Graduation Year


Document Type




Degree Name

Doctor of Philosophy (Ph.D.)

Degree Granting Department

Information Systems and Decision Sciences

Major Professor

Alan Hevner, Ph.D.

Co-Major Professor

Rosann Collins, Ph.D.

Committee Member

Donald Berndt, Ph.D.

Committee Member

Jamil Jreisat, Ph.D.


decision support system, global IT, developing economies, decision making, ICT sector, contingency theory


Building a thriving information economy is a goal for many developing countries. This research helps identify the factors (inhibitors and motivators) that can be used to leverage the Information and Communication Technology (ICT) sector in a developing country to build a sustainable information economy that benefits other sectors of the economy. This is done by studying the current literature on this topic and then synthesizing the theoretical models to create a unified decision framework to help developing countries set their path to building a sustainable information economy.

Drawing on past literature and extant theory, a novel ICT4D decision framework is built that provides a three-dimensional view based on 1) the ICT value chain, 2) key factors (e.g. infrastructure, policies, markets), and 3) stakeholders (e.g. industry, government, academia). This decision framework is then used to study the case of Palestine, where secondary and primary data are used to compare the critical success factors for Palestine with the general framework. This synthesized framework and critical success factors superset is expected to advance the field’s understanding of how both controllable and non-controllable country characteristics contribute to or inhibit the growth and development of an ICT sector in developing countries. In addition, the framework and identified success factors help in setting a future path for development.

Results from both secondary data sources demonstrate the usability of the framework to analyze the current setting of the ICT sector, in addition, to help investigate a range of possible opportunities for action to reach a higher level of ICT success. Then, via a targeted set of interviews with academic, industrial, and governmental sources who are experts in the Palestinian ICT arena, an exploratory study was performed that focused on key critical success factors for future development of the ICT economy. Controllable factors that have the potential for sustainable action were identified.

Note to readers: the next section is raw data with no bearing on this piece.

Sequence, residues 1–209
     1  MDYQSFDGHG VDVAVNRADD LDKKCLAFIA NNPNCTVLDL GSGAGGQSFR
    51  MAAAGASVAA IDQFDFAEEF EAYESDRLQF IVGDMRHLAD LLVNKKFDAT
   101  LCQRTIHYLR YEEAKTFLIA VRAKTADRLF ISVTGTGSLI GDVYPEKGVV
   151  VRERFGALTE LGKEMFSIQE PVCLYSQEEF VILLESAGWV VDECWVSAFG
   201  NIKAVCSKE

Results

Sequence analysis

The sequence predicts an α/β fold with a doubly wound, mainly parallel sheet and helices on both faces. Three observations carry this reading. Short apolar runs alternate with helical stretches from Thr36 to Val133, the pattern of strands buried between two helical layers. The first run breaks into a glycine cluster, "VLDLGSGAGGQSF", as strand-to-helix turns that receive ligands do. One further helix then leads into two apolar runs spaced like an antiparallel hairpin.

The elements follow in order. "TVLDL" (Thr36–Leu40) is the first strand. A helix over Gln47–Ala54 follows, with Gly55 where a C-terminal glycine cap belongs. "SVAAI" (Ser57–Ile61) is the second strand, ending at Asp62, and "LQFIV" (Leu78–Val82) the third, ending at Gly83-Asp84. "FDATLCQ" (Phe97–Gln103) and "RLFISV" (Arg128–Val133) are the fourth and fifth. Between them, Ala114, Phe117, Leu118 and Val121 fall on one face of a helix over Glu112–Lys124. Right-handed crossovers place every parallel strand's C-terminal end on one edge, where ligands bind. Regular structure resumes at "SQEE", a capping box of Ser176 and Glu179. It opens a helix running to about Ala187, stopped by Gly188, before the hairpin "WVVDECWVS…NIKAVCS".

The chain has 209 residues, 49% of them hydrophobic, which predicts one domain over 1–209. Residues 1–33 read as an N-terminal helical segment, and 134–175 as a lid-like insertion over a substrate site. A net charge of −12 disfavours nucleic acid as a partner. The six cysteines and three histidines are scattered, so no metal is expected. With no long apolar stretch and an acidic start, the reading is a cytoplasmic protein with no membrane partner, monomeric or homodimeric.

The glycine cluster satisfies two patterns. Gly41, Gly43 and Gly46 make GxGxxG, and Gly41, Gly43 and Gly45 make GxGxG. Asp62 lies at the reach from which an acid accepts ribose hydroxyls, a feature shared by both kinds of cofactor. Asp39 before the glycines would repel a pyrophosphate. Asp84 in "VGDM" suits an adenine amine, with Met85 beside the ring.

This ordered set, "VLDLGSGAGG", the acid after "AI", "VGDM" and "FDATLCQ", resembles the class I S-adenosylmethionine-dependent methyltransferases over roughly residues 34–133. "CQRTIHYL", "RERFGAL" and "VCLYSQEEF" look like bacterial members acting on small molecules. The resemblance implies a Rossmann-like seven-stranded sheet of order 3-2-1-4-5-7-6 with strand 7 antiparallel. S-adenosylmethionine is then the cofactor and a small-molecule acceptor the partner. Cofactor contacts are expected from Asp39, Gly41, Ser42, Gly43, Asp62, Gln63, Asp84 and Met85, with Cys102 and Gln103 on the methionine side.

In the case of Palestine, it appears that despite having many challenges that are out of control, there seem to be many opportunities for change specifically in government and educational policies that can help the ICT sector in specific, and the Palestinian economy in general reach its real potential. Given the current political situation in Palestine, it was found that there is a great potential in creating new software products for export. The challenges in this particular area in the case of Palestine lies in the lack of adequate business skills to research the global market and to market products and services that can be offered by the Palestinian ICT sector.

The findings should also help stakeholders see if the challenges to developing an ICT sector in Palestine are the same as those for any developing country, and where they are truly unique. The outcomes of this research have the potential to frame and inform economic development decisions that could define the future of the Palestinian state.